Ashwin Navin, co-founder and president of file sharing software developer, BitTorrent, thinks advertising-supported content will win out over digital rights management (DRM) for movie and TV show downloads. But his company is embracing DRM as it opens a new movie download website that will compete with the Unbox store launched by Amazon.com and Apple Computer's iTunes Store. In an interview with IDG's Dan Nystedt, he presented BitTorrent's views on DRM and its online movie store plan.
What's your view on DRM and how it will impact the movie download business?
Ashwin Navin (AN): The bottom line is that DRM is bad for the content provider and it's bad for the consumer, and the reason it's being used today is because we're in the very early stages of a new product cycle for the entertainment industry and they want to walk before they run. I think the future will not be marked by digital rights management. It will be marked by advertising-supported content that's clear of DRM, because the content publisher wants it to be as widely distributed as possible and consumed over as many platforms as possible. And we hope to be part of that evolution, and to drive that evolution wherever we can.
How is DRM bad for content providers?
AN: The reason it's bad for content providers is because typically a DRM ties a user to one hardware platform, so if I buy my all my music on iTunes, I can't take that content to another hardware environment or another operating platform. There are a certain number of consumers who will be turned off by that, especially people who fear that they may invest in a lot of purchases on one platform today and be frustrated later when they try to switch to another platform, and be turned off with the whole experience. Or some users might not invest in any new content today because they're not sure if they want to have an iPod for the rest of their life.
When do you plan to launch BitTorrent's online movie store?
AN: We'll launch country by country. We'll launch in the US this year. We've publicly announced that we're in trials with the largest cable company in the UK, NTL Group cable service, but it's not likely we'll launch there this year.
How will BitTorrent's download site be different from others?
AN: With the launches from Amazon and Apple, we realise we have to do something that's interesting and set ourselves apart, so one thing we're doing is leveraging BitTorrent delivery to get people their content faster, particularly for files that are popular. And we want to aggregate content that no one else is aggregating as well.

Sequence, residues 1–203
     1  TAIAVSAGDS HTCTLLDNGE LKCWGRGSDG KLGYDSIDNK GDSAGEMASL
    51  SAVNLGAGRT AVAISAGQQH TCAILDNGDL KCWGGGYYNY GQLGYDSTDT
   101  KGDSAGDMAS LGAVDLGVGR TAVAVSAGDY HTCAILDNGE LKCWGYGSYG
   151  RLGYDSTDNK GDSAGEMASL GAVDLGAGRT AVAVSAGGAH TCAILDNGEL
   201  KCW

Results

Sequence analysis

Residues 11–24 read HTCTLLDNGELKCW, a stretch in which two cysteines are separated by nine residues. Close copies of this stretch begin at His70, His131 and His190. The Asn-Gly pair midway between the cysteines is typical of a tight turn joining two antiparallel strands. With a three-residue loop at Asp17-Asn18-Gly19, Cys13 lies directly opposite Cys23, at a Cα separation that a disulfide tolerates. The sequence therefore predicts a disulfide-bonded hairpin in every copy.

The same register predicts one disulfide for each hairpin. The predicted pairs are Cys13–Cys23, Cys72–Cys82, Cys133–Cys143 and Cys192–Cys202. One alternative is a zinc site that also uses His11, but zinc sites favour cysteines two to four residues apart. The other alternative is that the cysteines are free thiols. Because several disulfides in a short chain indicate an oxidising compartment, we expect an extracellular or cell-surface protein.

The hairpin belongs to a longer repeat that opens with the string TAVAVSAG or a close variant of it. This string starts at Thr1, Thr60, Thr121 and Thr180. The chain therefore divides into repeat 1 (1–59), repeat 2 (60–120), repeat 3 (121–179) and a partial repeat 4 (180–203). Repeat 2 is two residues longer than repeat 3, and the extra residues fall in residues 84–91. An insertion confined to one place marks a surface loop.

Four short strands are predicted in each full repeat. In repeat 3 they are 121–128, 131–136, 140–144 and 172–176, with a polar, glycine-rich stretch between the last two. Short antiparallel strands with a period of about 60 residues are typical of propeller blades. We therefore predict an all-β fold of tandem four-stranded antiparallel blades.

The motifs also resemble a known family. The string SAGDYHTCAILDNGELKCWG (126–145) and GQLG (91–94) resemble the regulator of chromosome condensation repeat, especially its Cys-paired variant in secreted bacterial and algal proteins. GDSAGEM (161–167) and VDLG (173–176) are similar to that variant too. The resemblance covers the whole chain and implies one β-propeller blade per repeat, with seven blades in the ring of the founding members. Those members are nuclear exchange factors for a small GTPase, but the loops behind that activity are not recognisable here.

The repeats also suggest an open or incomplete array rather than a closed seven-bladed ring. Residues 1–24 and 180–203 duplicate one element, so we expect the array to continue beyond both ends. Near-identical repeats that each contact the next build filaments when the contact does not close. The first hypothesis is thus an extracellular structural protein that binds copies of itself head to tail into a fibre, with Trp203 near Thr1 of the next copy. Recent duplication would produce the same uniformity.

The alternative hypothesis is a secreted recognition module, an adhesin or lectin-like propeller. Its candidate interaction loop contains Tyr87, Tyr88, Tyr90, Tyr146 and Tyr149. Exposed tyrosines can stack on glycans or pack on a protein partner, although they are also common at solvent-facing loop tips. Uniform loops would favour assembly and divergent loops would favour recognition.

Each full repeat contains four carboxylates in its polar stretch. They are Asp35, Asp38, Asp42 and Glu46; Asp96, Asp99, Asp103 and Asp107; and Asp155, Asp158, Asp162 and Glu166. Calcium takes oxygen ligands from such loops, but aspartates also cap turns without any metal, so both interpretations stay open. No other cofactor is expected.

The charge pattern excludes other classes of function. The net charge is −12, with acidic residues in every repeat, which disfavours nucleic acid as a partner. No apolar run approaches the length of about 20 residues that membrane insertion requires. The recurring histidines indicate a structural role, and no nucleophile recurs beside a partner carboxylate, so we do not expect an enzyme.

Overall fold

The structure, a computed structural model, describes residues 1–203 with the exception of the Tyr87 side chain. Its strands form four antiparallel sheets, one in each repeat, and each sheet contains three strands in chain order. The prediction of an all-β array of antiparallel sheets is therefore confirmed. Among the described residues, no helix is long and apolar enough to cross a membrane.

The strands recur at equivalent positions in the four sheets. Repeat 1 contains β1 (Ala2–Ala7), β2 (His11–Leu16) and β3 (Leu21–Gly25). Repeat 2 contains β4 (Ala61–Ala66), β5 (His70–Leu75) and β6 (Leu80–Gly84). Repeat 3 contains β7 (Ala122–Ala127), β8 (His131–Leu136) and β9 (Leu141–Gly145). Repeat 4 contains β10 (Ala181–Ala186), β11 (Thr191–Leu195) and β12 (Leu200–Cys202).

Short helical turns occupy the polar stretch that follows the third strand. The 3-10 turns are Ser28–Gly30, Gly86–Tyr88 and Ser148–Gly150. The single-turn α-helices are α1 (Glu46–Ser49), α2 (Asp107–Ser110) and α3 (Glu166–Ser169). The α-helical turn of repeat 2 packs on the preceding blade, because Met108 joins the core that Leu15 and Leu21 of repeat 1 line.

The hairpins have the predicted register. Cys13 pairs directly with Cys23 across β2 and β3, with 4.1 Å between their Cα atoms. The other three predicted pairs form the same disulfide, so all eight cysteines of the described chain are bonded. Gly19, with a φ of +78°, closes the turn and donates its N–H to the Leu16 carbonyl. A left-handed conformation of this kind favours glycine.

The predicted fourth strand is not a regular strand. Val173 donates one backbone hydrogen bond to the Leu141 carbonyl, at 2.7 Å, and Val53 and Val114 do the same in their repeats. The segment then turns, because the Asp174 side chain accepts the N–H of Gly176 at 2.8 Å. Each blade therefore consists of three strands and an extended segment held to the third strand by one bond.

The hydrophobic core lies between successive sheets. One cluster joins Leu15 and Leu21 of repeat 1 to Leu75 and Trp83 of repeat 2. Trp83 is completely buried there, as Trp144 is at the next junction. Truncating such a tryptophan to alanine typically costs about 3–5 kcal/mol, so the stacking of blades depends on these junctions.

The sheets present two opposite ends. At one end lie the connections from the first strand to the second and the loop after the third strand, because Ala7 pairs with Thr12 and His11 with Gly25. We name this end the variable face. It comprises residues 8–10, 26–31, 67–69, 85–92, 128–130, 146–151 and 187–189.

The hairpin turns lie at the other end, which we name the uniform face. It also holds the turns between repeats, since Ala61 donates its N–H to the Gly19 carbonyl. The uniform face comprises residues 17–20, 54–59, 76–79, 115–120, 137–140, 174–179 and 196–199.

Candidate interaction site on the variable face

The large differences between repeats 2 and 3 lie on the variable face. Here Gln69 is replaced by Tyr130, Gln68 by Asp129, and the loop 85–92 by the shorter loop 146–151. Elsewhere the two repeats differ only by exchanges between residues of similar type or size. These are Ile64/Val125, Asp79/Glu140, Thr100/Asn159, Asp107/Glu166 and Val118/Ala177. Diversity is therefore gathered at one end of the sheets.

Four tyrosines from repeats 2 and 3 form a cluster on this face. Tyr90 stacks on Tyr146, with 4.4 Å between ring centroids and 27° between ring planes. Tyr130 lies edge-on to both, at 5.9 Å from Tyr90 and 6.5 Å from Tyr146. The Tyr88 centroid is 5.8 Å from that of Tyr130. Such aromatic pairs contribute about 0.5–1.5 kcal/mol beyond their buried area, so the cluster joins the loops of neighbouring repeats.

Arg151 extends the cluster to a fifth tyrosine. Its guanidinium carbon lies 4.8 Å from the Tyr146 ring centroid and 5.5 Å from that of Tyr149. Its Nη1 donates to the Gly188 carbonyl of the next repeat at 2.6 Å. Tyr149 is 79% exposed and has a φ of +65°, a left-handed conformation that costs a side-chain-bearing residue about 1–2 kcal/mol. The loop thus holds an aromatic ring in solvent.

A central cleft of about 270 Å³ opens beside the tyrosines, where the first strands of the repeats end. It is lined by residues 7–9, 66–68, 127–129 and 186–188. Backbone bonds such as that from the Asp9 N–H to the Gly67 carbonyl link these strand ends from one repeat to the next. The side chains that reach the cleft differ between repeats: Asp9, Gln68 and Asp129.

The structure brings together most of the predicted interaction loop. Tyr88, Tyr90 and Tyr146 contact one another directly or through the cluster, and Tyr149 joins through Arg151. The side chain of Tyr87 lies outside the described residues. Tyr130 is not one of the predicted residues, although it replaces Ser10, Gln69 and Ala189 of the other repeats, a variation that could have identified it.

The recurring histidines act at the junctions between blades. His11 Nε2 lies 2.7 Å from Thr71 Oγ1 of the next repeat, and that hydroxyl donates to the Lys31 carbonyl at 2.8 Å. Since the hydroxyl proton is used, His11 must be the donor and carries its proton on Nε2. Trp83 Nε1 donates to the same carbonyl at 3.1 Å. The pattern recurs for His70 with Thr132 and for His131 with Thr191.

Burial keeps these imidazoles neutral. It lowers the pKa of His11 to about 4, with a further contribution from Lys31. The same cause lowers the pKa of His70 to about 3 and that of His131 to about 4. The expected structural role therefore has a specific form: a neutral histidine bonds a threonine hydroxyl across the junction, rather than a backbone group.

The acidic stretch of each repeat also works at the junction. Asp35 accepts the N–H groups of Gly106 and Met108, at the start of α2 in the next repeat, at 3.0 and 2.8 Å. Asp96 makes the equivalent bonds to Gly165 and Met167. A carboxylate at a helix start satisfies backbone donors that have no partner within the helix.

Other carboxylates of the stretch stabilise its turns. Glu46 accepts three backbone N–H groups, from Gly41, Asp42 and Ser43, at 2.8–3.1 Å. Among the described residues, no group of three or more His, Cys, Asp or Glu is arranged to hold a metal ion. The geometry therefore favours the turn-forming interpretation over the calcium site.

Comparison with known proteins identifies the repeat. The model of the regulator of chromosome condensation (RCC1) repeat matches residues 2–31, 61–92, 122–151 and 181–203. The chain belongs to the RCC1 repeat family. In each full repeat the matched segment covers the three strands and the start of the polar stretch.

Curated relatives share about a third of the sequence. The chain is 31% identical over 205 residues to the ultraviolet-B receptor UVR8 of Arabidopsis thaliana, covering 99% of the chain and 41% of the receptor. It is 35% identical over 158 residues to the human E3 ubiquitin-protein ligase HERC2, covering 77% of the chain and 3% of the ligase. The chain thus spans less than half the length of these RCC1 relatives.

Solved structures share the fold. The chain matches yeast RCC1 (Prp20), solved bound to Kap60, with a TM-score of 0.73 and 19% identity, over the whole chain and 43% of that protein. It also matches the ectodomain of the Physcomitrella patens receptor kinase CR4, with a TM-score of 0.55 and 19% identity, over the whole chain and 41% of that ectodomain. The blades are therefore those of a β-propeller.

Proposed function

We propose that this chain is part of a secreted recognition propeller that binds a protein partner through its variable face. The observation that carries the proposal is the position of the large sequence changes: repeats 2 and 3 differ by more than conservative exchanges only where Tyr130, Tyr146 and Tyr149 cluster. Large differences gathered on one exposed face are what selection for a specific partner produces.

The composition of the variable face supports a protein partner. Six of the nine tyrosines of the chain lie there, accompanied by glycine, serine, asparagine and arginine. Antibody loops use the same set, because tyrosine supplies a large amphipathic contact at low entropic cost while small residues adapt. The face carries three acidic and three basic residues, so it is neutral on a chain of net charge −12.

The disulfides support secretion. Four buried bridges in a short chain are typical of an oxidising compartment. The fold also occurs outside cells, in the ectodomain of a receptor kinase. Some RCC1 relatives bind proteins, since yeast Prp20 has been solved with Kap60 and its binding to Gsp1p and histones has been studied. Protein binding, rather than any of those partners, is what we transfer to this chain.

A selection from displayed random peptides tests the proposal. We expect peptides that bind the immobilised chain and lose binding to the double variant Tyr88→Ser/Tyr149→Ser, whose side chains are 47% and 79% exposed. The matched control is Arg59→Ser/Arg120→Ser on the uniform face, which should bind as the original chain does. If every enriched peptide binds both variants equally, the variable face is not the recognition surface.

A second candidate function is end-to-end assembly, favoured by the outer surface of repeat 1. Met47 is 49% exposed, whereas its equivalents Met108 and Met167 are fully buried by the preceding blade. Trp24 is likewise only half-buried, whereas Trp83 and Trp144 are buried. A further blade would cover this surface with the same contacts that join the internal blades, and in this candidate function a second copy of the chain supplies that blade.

We haven't made any announcements yet, but we've aggregated Chinese language films, we've aggregated Indian language films and other foreign language films, to pull together a community at BitTorrent that is really depending on us for delivering content that's not easily available, stuff that's not at all the other retail locations.
What else will BitTorrent do to make its movie store attractive?
AN: We're also working with hardware makers to embed our technology into their hardware and then hook it into a service that people can use to get content. I'm in Taiwan to talk about partnerships with hardware makers. Asus made an announcement on a hardware device that supports BitTorrent, a non-PC platform device made for downloads, and we expect to have many more similar arrangements with hardware companies in Taiwan and elsewhere. Hardware that supports BitTorrent protocol, obviously, can hook into our service, and people who consume it can tap into it even away from their PC.
Is the fear of illegal file sharing a threat to your business?
AN: It depends on what the economic model is for the legitimate service. If the legitimate service is reasonably priced, if the content is good, it's been encoded properly, it's predictable in its results. As a BitTorrent user, I'm sure you know that if you're not on a well-seeded Torrent, your download speeds aren't going to be that great. You could be waiting for days for your download to complete. In a commercial environment, you can take what's great about BitTorrent, the efficiency, and combine it with a predictable user experience, make sure everything is properly seeded, make sure the peers you're talking to are close by in the network. Everybody expects content to be delivered over the Internet, it's just that we're still in the very early days today. There's a lot that needs to take place in terms of creating the environment that makes people comfortable opening their pocket books and paying for a service they find valuable. We're doing everything we can to make the service compelling, and right now it's all about getting the content providers and the hardware companies to converge over the platform that we're building. I think we're going to be extremely successful.